Creatives Garage | ART FOR REVOLUTIONS
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History has observed that mankind has used art for a great number of distinct functions, which is why the purpose of art cannot be compressed into a single concept. Revolutions for one, are not solely based on war and independence; revolution is about changing or  making something new or different and spreading it to the masses, this can be accomplished through the arts. “A paradox in itself, art can reflect beauty, speaking to our longing to experience it. At the same time, art can reflect the despotic and the revolting, either driving us away or charging powerful emotions in us.” Gimel Samera. Editor, The Missing Slate.


A revolutionary is an individual who either takes an interest in, or advocates upset. A revolutionary alludes to something that has a noteworthy, abrupt effect on society or on some part of human undertaking.


New to the list of African revolutionaries is an artist, Robert Kyagulanyi Ssentamu, known by the stage name Bobi Wine. A popular Ugandan politician, businessman, entrepreneur, philanthropist, musician, freedom fighter and actor. He has recently attracted attention on social media through the use of hashtag #freebobiwine



Bobi Wine began his music career in 1999, and adapted the stage name Bobi Wine. His first singles Akagoma, Funtula, and Sunda (featuring Ziggy D) brought Wine success in the East African music scene. His music connects reggae, dancehall, and afrobeat styles, often with a socially conscious message. He started a new group, Ghetto Republic of Uganda and has recorded more than 70 songs over 15 years. Throughout Uganda’s election period in 2015 and 2016, Wine refocused his messages to call for tolerance of different views. Wine’s public calls for calm activism during the 2016 election – with songs such as Dembe – provoked mixed reactions from different political interests in Uganda. Following the 2016 election, Bobi released the song Situka, which challenges Ugandans to do something about corruption and injustice in their country. The song opens with the lines: “When the going gets tough, the tough must get going, especially when our Leaders have become Misleaders and Mentors have become Tormentors. When freedom of expression is met with suppression and oppression.”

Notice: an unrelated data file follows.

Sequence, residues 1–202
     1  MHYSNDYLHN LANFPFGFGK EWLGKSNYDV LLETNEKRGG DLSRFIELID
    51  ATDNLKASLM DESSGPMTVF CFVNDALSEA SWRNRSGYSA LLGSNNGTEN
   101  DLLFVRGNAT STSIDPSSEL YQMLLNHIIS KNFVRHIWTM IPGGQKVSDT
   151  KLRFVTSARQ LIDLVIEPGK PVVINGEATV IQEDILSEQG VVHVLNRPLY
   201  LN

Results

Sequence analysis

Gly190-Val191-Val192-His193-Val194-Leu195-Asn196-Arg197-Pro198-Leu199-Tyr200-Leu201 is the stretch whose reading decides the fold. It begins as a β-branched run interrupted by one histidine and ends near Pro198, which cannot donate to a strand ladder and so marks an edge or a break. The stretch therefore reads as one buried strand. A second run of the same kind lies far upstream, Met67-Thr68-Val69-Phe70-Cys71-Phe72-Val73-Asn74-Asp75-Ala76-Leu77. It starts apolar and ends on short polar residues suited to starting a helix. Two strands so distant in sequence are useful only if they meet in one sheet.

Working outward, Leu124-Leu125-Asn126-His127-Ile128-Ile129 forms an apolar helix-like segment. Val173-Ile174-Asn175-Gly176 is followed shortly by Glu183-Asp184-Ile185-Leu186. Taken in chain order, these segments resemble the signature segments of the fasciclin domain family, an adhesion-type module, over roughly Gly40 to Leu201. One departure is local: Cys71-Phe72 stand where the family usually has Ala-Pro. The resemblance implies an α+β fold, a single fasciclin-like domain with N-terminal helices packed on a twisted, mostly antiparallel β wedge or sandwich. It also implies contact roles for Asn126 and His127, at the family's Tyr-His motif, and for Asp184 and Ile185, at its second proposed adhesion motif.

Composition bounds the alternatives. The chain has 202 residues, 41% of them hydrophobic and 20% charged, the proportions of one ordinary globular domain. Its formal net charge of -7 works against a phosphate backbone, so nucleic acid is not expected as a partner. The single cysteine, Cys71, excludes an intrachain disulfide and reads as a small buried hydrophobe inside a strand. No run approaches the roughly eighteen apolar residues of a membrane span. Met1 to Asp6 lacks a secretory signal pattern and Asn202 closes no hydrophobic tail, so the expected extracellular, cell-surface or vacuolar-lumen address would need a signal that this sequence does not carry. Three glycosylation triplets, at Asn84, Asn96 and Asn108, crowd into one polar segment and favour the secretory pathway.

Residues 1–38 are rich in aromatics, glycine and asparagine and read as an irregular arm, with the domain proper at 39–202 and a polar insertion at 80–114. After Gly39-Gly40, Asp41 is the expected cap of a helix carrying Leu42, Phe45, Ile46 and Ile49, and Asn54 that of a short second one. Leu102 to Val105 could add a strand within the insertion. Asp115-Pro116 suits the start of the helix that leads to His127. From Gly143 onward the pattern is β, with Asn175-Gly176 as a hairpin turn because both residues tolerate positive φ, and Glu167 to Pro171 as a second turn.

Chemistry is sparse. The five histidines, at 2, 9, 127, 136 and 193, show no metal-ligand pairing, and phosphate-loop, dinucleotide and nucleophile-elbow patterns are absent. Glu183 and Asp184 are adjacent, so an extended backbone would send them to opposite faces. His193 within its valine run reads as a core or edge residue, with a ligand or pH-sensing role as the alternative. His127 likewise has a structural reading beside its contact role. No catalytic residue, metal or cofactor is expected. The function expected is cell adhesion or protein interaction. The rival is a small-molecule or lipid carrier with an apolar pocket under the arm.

Bobi Wine has recently been remanded to Luzira Prison until May 2, 2019 subsequent to being accused of rebellion of statutory obligation, an offense he committed in July last year.


Sauti Sol, a Kenyan afro-pop band formed in Nairobi by vocalists Bien-Aimé Baraza, Willis Chimano and Savara Mudigi are also on the road to being great revolutionaries in Kenya. The group gained recognition in Kenya with club bangers but have recently chosen to speak out about the defilement and populism taking steps to wreck the nation’s advancement. They released ‘Tujiangalie’, featuring Nyashinski signifying “self-reflection” in Swahili. Sauti Sol’s song has brought about discussions on social media on the country’s current state.




Creatives Garage calls out for more creatives to participate in artivism as this is the language artists use in bringing out social and cultural change.


“This is the time for every artist in every genre to do what he or she does loudly and consistently. It doesn’t matter to me what your position is. You’ve got to keep asserting the complexity and the originality of life, and the multiplicity of it, and the facets of it. This is about being a complex human being in the world, not about finding a villain. This is no time for anything else than the best that you’ve got.”


― Toni Morrison

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